When people decide that they are going to get married, they are likely going to focus on things like picking out the wedding colors and planning the honeymoon. They typically don't think to plan for divorce. This could prove to be a mistake for some people.
For people have already amassed considerable wealth or those who will have an inheritance coming, a prenupital agreement might be in order. It is critical that they get this handled properly so that they have the protections the document can afford if they end up getting a divorce and need to divide property.
It is possible that a prenupital agreement might be considered invalid. Here are some of the most common reasons:
- Rushing: Both parties need to have time to read over the document and understand what it says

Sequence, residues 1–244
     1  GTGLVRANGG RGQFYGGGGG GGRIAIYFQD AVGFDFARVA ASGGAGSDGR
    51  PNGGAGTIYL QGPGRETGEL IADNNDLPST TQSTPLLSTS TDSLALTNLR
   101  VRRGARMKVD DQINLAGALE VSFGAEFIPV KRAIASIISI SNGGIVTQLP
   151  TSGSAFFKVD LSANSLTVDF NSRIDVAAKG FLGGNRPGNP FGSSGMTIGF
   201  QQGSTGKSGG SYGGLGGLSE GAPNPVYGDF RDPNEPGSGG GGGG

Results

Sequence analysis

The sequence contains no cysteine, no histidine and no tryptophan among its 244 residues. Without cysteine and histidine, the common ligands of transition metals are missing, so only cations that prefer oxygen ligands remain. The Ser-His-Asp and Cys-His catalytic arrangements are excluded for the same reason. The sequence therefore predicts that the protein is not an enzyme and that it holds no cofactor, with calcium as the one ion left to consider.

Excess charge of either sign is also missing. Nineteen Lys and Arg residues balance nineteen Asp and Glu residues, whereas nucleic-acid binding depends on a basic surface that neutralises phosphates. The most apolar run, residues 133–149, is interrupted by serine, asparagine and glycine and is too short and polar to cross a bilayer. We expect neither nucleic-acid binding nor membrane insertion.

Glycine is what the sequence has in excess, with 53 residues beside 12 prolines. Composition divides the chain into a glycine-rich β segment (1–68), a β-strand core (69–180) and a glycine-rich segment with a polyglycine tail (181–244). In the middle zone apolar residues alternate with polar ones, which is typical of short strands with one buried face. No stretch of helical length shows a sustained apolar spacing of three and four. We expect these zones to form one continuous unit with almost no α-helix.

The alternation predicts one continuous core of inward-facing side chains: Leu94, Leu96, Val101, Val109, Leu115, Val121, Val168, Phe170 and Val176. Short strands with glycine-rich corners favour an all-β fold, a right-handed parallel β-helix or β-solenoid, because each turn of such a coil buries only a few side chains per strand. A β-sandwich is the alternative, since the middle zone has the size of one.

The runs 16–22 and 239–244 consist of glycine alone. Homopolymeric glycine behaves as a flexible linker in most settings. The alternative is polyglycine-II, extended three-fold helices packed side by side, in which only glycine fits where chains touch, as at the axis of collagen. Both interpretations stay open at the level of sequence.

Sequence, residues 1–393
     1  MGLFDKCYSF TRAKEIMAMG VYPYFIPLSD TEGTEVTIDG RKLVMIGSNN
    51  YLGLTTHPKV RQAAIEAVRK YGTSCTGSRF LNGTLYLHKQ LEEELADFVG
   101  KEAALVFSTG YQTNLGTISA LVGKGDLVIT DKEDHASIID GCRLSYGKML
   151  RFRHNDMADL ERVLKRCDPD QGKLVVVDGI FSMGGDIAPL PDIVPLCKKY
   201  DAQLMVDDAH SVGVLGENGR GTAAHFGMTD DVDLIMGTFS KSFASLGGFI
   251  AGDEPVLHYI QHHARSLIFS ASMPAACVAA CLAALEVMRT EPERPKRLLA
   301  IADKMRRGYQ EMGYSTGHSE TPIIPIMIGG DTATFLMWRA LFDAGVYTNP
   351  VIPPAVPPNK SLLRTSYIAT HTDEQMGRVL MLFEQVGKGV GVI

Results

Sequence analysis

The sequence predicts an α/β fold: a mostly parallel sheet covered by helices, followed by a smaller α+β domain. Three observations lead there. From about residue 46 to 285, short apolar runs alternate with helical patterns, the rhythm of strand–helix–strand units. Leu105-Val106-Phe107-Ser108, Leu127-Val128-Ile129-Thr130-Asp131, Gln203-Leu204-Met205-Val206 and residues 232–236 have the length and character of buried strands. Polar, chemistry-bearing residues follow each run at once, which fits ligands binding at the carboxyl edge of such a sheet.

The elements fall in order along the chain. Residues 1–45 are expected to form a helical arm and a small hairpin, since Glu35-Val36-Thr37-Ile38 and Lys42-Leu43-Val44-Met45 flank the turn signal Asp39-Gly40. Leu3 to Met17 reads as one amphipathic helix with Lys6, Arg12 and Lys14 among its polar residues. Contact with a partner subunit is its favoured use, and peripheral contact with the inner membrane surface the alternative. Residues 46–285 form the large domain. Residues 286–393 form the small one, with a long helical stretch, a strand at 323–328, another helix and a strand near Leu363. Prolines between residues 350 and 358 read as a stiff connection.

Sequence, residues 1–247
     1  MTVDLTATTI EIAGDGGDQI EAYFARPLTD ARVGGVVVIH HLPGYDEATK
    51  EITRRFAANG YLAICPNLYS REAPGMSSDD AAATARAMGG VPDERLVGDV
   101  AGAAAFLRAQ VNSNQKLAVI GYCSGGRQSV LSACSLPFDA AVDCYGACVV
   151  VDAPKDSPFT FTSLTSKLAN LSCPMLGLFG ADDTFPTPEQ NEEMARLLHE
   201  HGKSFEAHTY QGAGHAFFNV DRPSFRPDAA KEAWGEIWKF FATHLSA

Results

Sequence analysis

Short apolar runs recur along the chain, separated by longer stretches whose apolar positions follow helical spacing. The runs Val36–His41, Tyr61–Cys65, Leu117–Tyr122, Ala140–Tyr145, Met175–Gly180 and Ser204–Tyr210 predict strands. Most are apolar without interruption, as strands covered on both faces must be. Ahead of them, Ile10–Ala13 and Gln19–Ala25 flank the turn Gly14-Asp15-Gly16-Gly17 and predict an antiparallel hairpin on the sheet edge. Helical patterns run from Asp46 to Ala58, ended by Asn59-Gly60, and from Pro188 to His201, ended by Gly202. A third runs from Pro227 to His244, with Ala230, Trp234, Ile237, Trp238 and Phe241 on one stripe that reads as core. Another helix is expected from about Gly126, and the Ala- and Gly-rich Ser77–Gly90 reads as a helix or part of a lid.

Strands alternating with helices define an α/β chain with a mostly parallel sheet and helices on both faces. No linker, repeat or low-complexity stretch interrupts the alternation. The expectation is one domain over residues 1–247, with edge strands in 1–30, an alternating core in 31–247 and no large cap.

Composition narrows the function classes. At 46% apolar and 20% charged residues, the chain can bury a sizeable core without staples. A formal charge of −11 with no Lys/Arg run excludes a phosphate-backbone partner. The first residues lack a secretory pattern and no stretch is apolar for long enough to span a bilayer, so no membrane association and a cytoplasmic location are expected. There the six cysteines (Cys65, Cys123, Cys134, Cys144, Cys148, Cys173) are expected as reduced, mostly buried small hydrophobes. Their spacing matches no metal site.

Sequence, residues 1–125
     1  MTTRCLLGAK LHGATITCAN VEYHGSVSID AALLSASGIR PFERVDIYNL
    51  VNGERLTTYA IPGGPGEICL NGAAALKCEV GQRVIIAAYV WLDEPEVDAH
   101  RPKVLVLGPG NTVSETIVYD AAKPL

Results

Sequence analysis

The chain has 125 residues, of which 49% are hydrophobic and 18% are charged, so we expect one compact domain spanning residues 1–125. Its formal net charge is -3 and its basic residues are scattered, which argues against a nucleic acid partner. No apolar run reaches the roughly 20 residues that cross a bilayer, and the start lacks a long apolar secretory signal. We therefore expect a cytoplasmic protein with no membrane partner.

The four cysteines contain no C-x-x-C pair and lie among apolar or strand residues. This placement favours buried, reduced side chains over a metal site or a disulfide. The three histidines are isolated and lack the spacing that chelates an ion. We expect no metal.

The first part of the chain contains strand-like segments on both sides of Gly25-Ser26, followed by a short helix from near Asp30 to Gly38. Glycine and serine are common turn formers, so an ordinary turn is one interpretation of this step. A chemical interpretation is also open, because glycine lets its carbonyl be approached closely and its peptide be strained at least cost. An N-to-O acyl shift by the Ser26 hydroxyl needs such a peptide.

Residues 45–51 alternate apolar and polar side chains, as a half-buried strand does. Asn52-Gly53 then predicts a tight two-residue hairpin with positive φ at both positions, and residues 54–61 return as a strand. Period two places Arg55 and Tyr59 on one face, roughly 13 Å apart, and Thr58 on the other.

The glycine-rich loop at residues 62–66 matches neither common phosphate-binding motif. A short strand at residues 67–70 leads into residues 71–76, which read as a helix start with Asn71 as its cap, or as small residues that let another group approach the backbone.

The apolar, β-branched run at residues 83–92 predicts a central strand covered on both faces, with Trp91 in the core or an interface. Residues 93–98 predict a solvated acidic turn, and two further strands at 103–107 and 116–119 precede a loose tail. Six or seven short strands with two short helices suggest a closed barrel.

- Verbal agreements: Prenuptial agreements must be in writing, so verbal agreements don't have to be honored
- Signatures: A valid premarital agreement has to be signed by both parties before they get married
- Incomplete or false information: The disclosures in the agreement must be factual and complete since anything missing or fibbed can invalidate the entire thing
- Invalid points: Provisions like child custody or support, as well as some others, can't be included in the agreement
- Duress: Neither party can pressure or threaten the other party in order to get the agreement signed.
- Unbalanced: The terms of the agreement can't sway heavily toward either party
Couples who are planning a wedding should address the need for a premarital agreement early in the engagement. This gives them time to work out the conditions and ensure that they have a properly executed document.